Another example Manwaring gives highlights what a unique challenge Salisbury  Cathedral was. “We installed a wireless access point on top of a throne dating back  to 1350.   We needed a cherry picker to get on top of  it, but had to be so careful because if I broke it I knew Gorilla Glue wouldn’t suffice. You can’t just walk in here with your boots and hard hat on. We have not drilled one hole as part of our work, we’ve used
all existing holes or built bespoke fittings to the existing bracketry.”  

Other quirks of working in a 750-year old cathedral include no central rack room, instead six racks are dotted around the different sections. The refurb also had to accommodate 38 input channels coming in from different fixed microphone points from the original install years ago. Throughout the cathedral a mix of lecterns mics and radio mics are used.

During the day the system is controlled by staff with the press of just one button (‘Evensong’ etc) on the Harman Motion Control iPad app.  “For the clergy to get the most out of it we had to make the GUI buttons on/off and up/down with some EQ settings,” says Manwaring.  One of the clever touches of the project design is how there has been an EQ assigned to each member of the clergy. On the iPad a drop down box shows each mic input, so regular performers can have their own EQ recorded in the system. 

“If they go up to a pulpit or use a radio mic they can take their settings with them.  We have also set up generic male  and  female  settings  for  the  clergy,”  adds Manwaring.  Adding  personal  EQ  levels  took between 50-60 hours to program. Because it is so simple vergers now train each other in using the system. The day-to-day running is handled by a floor manager, introduced into the cathedral a couple  of  years  ago.  An additional sound engineer comes in just for the Sunday services, and  Manwaring  says  his  help  was  key  to  fine-tuning the system once it was almost complete.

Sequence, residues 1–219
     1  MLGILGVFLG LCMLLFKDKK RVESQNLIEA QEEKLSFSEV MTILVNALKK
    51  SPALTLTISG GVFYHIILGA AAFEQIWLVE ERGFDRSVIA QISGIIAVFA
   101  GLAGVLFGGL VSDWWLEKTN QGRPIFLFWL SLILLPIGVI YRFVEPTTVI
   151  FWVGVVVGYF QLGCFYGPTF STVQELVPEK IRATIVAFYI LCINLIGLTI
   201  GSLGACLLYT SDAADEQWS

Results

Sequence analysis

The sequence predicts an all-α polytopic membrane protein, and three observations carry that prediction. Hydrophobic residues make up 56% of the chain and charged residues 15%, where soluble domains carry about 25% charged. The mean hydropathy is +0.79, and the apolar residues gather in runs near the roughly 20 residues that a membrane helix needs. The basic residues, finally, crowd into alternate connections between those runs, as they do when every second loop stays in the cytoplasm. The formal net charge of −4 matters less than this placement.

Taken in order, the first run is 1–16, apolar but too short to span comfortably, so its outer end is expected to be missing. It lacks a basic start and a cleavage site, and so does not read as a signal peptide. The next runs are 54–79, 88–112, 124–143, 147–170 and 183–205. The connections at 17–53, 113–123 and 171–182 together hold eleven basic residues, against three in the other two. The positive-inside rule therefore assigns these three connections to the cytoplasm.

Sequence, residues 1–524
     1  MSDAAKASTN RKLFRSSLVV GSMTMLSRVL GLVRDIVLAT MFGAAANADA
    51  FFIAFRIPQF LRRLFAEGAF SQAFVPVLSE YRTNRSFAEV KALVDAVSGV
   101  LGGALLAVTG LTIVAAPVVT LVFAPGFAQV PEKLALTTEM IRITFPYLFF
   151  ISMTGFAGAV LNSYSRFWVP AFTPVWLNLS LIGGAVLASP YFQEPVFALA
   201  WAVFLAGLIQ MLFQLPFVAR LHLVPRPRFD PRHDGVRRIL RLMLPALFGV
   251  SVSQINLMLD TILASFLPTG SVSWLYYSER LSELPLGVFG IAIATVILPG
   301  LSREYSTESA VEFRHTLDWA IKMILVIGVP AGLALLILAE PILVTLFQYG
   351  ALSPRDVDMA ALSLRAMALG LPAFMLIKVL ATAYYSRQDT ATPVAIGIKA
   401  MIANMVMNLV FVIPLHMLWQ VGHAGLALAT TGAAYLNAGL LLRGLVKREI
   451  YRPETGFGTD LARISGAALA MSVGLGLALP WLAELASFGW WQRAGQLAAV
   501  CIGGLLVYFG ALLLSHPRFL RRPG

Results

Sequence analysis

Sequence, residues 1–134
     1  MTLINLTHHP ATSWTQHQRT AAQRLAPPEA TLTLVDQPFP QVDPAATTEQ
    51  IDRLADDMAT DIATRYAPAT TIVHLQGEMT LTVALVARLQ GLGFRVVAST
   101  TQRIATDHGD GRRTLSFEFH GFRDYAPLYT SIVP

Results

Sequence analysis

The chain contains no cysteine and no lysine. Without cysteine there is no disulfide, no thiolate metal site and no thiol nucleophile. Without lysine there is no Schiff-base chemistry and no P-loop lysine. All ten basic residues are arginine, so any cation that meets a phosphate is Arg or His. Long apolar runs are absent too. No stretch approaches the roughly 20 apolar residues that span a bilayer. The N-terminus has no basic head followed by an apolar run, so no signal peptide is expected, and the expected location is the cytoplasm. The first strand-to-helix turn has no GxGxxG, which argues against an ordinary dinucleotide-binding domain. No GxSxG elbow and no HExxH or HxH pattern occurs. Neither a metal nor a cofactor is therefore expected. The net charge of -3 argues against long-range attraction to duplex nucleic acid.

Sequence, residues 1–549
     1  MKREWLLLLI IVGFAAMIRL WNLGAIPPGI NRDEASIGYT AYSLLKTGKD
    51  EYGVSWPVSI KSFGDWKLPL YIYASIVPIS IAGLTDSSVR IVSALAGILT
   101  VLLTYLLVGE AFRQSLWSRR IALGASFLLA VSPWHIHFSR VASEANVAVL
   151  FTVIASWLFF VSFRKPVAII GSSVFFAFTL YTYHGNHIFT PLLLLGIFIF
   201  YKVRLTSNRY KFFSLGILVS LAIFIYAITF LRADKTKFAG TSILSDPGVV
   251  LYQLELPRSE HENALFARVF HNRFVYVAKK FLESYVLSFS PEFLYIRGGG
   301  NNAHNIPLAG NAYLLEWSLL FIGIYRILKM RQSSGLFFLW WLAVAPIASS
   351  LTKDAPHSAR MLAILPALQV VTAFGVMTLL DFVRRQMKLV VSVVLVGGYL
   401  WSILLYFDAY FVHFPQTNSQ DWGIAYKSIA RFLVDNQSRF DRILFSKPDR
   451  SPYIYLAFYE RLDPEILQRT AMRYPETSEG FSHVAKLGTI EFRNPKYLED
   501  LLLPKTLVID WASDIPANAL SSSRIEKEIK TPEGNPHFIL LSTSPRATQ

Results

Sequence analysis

One of  the stated aims of the audio refurbishment programme was to enable the cathedral to host more live events. “Now it’s been EQ’d and delayed properly it’s ready,” says Manwaring. “Last year it hosted a music event and used a seven-box line array hanging in the middle of the crossing. I was by the mixing desk at the font, and there was 70% reflected noise.  

Based on that, we decided on the larger JBL CBTs for a full range, especially for music events, so we get the correct sound pressure and dispersion, without too much reverberation.”

Based on the likelihood of the system being used for live events the cathedral invested in a Soundcraft  Performer3  desk, with Soundcraft Stagebox running Dante.  The backbone of the audio network is three Dante to BLU converters, one  in  the  north  transept,  one  in  the  south transept  and  one  in  the  crossing. All  long distance  audio  distribution  is  done  via  Dante.  

There was a Cat5  point where the original touchscreen control was housed, so Manwaring re-used the cable so the floor manager can plug the desk straight in the PA system if he needs to.

It also has MADI card fitted inside the Stagebox, so if a live broadcast is required it can also be done.The  dramatically enhanced  intelligibility and thoughtful integration  delivers a wholly appropriate solution for the cathedral, while seeing the staff walking  around the cathedral every day controlling the sound via an iPad is testament to the skills of the programming and design. The installation has met all criteria, according to Salisbury Cathedral floor manager, Russell Cruse.  “It has been a great success in terms of speech intelligibility and clarity and I have received positive feedback from the guides, vergers and clergy.”